Section 2: Duties. This is where the scope and timing lives. It’s where I outline what work will be done, and by when. Then I pop it into this area. For larger projects, this can get lengthy. Or, it can be as short as “Provide ongoing consulting as assigned.” Either way, works well.

Section 3: Fees. This is probably something you’ll want to customize a lot, as it reflects my own processes a good bit w/ respect to web site development in particular. But, give this one a good read, as it incorporates considerable thought and best practices. Nothing lives in this document by default — details like specifying that the amounts are in U.S. dollars are actually purposefully included.

Also, note that I don’t always include all of these items in every contract. (For example, if it’s not a flat-fee job, that part doesn’t show to those clients.) What you’re seeing is a page generated to show all possible provisions. I actually coded up a little system to make this all flexible.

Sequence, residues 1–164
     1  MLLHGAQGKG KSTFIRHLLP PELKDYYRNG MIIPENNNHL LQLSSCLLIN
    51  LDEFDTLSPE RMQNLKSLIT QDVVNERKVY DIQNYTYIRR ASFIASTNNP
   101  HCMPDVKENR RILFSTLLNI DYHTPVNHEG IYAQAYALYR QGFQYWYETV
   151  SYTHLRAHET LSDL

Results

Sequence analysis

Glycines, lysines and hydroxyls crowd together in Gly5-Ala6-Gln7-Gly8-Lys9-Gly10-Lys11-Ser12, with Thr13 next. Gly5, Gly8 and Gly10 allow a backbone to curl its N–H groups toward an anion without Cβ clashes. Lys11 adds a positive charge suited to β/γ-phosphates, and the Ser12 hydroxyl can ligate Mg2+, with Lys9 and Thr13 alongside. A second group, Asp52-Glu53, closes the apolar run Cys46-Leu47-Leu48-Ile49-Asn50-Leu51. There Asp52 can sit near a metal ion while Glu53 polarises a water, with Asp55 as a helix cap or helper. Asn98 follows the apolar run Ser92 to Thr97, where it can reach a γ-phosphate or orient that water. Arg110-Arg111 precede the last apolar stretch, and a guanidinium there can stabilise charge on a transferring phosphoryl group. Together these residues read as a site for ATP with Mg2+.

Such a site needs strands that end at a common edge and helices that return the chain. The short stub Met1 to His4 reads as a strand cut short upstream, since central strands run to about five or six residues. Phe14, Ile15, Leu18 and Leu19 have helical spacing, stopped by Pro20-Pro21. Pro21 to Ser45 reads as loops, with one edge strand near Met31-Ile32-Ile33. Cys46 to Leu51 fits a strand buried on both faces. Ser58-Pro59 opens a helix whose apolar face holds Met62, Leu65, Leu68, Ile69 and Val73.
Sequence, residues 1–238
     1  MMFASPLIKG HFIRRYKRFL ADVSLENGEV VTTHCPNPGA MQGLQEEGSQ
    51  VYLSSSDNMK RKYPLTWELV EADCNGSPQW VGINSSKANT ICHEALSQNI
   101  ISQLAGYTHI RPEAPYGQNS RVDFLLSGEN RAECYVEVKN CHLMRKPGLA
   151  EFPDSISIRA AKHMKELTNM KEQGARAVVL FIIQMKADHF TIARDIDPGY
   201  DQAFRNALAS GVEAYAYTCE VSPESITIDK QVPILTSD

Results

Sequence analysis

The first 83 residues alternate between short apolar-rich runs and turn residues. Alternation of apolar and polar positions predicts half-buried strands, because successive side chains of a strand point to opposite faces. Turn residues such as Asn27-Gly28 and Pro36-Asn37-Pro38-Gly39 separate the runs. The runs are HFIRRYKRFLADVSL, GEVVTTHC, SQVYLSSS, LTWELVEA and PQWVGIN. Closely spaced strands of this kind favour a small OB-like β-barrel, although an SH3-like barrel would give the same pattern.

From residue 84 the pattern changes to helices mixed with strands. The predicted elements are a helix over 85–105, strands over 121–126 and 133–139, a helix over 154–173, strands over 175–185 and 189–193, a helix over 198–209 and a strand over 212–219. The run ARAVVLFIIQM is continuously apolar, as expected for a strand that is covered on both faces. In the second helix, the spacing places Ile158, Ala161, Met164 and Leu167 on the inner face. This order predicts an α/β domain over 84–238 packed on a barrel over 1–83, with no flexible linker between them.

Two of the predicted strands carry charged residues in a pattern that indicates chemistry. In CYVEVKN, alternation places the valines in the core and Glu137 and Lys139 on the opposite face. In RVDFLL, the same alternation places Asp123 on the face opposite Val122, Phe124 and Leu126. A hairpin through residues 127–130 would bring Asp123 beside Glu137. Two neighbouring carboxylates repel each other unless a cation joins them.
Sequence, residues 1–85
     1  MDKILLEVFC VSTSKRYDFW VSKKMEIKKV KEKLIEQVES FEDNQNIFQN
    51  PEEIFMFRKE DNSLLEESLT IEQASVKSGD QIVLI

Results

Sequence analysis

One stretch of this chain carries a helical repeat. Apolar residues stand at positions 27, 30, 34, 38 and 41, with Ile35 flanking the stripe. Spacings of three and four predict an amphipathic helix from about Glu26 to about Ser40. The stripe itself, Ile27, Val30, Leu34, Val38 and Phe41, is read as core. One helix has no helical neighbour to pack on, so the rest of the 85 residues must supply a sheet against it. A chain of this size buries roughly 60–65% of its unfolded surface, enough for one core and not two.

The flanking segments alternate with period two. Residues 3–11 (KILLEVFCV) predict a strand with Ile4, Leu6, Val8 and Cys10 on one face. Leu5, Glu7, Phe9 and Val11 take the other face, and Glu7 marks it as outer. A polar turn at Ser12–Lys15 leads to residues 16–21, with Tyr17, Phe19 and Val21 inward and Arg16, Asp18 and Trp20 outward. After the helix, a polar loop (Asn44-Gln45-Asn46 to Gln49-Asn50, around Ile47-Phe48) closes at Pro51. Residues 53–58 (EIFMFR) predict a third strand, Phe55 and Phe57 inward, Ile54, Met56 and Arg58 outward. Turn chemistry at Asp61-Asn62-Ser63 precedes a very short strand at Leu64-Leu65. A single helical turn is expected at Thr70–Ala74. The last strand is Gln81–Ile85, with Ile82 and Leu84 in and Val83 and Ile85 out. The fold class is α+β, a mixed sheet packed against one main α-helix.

Section 4: NDA. I find it’s a best practice to have an NDA provision. Usually, larger clients come to me with this, as well. But, I’ve long felt that the more open and honest a client is with me, the better the success of the project. This article talks more about my oddball opinions here:

Why I’ve Walked Away from $100,000+ in Web Development Work (So Far)_In the web development world, I get a lot of new entrepreneurs approaching me with “the big idea.” Many of these people…

Section 5. Here’s an example of what I refer to as client education. Here, I explain to clients a bit more about what they’re agreeing to via the document, and what’s beyond the scope. However, note that this section is highly customized to my own take on how I care to approach things like IP. As a small player, I don’t care to get into the business of managing rights on untold tens of thousands of lines of code across a few hundred clients. Your take may well diverge majorly from this view.